Persuasive Games: How I Stopped Worrying About Gamers And Started Loving People Who Play Games
August 2, 2007 Page 3 of 4
There is a collective mental block in the games community if it can’t abide any alternative to fun other than boredom, an alternative to infatuation other than suckiness. Is this a culture worth defending?
What if, instead of trying to reconcile all video games with one monolithic set of laws for design and reception, we admitted that video games have many possible goals and purposes, which couple with many possible aesthetics and designs to create many possible player experiences, none of which bears any necessary relationship to the commercial video game industry as we currently know it.
Consider casual games. Casual games already create experiences very different from so-called core games. The casual games industry likes to claim the older, more female demographic of casual game players as its main innovation, but the experience of playing Zuma or Bejeweled is also quite different from that of Gears of War or Civilization. Are casual game players having fun? Maybe.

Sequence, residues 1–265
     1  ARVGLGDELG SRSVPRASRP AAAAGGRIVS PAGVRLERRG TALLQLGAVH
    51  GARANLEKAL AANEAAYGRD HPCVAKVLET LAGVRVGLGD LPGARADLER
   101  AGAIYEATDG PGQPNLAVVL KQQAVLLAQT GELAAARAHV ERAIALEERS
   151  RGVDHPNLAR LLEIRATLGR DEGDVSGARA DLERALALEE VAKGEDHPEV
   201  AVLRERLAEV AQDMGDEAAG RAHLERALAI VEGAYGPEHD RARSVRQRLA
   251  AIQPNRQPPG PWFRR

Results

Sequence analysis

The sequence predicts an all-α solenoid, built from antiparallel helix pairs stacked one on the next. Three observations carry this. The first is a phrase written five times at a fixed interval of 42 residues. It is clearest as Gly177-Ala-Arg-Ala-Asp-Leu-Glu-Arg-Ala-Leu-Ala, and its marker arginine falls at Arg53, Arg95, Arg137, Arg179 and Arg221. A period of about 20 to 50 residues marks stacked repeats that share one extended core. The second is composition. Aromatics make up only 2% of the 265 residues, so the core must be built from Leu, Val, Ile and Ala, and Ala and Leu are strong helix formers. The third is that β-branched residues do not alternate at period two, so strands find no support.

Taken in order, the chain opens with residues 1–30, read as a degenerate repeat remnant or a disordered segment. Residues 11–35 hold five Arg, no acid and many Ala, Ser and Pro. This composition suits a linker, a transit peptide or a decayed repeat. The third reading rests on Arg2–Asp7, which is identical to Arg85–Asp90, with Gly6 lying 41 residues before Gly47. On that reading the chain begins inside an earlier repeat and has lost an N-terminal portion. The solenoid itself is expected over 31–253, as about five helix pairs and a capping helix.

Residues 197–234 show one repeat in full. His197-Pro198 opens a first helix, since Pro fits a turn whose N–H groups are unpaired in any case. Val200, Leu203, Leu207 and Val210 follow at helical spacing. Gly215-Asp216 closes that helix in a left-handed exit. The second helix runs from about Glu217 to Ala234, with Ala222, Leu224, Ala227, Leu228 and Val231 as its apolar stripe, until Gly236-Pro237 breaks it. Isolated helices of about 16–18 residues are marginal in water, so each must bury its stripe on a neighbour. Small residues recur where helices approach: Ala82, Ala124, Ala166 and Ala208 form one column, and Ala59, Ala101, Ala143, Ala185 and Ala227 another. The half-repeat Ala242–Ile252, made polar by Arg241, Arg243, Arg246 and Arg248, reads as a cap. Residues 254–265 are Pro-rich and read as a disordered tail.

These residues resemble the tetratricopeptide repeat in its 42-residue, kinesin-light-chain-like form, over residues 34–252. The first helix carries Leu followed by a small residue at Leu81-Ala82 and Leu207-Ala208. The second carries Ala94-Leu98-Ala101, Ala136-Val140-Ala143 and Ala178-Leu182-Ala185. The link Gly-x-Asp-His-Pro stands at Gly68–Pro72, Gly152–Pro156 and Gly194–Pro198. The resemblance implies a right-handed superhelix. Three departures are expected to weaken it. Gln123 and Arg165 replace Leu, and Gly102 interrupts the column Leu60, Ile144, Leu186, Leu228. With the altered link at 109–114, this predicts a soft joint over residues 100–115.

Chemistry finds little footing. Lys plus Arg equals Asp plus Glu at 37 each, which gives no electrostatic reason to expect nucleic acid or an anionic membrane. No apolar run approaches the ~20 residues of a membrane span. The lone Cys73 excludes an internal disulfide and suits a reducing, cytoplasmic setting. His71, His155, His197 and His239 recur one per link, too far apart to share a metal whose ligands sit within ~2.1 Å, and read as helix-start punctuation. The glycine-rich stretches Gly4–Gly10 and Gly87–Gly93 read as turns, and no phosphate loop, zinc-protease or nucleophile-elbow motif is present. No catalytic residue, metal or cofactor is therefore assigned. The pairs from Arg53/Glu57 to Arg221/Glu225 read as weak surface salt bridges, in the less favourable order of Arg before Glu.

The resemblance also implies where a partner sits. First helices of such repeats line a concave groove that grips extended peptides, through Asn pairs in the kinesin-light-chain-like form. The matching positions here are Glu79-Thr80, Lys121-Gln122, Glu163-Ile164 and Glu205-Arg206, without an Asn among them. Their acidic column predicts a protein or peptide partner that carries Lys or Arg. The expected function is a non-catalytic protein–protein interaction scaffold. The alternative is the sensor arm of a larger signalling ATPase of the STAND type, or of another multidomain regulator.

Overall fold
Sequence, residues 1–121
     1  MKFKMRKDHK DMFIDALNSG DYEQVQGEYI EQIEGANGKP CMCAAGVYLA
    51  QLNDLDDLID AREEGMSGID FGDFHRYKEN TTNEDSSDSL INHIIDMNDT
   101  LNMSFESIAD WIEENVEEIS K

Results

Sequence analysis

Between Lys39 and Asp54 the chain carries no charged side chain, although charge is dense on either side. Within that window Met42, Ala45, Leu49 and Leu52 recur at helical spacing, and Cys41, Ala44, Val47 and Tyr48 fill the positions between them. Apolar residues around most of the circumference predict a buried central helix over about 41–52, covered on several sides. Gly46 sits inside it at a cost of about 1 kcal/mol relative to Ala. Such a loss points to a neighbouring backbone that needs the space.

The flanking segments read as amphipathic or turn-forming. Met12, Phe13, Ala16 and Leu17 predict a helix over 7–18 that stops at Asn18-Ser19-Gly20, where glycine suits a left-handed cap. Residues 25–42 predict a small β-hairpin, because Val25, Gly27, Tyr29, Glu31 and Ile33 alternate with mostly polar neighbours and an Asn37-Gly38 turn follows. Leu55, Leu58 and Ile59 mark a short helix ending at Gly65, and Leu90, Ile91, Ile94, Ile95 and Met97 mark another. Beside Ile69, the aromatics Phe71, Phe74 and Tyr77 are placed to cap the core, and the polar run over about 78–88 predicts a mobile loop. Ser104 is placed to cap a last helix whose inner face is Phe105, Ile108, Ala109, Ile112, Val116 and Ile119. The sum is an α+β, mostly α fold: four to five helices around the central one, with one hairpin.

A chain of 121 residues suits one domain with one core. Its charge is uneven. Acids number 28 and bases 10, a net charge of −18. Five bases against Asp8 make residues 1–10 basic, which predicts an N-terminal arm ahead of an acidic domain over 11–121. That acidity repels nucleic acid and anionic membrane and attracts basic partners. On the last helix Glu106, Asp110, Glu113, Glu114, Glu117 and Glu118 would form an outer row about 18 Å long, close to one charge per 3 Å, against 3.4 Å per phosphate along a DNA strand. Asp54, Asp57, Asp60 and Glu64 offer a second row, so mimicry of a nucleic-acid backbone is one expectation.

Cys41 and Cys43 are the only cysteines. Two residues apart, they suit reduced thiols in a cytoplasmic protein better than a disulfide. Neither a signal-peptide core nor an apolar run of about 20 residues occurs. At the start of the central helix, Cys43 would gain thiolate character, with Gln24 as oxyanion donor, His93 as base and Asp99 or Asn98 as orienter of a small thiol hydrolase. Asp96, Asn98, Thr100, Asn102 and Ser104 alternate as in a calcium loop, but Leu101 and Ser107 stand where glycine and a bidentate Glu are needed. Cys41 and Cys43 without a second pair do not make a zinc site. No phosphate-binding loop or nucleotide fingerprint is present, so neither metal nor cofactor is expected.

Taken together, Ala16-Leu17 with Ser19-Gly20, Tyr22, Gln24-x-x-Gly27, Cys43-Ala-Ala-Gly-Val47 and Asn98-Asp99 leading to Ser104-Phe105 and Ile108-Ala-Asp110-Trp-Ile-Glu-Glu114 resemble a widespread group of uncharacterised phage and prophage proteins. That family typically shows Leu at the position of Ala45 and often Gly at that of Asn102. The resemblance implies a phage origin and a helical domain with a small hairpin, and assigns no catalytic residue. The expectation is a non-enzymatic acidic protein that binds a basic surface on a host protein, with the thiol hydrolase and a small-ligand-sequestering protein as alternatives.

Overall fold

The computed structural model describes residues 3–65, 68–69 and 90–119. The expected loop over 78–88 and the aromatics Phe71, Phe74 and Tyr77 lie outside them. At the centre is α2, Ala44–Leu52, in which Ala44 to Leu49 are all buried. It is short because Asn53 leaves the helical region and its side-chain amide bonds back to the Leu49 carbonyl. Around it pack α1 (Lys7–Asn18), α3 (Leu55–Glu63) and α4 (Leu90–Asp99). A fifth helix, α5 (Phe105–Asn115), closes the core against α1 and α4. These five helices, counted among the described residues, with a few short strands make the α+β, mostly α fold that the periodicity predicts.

But more likely they are zoning out. PopCap even built “zen” mode into some of their games after players reported that time limits and other traditional challenges created an experience quite different from the one they were seeking in such games.
Likewise, consider the newsgames I have been publishing recently in the New York Times and elsewhere. These are short web games, and so one might be tempted to call them casual games. But they are meant to produce neither relaxation nor distraction. Rather, they are intended to express an opinion, to editorialize. This is the principal aesthetic I have in mind when designing these games. They might also be satirical or wry or even (gasp) fun, or they might be none of those things. No matter, such aesthetics are secondary to the primary goal of editorial.
If you have to make a mistake in the fun versus educational balance, it’s better to be a bit too fun and a bit less educational than the other way around.
It’s a sentiment that seems hard to argue with, if you assume the goal of games is simply education, or fun, or both. If we rephrase this value statement by replacing “educational” with “editorial,” in the case of newsgames for example, it becomes far less persuasive. Education, fun, or other possible experiences might season an editorial game, but who would deny that the latter is its primary goal?
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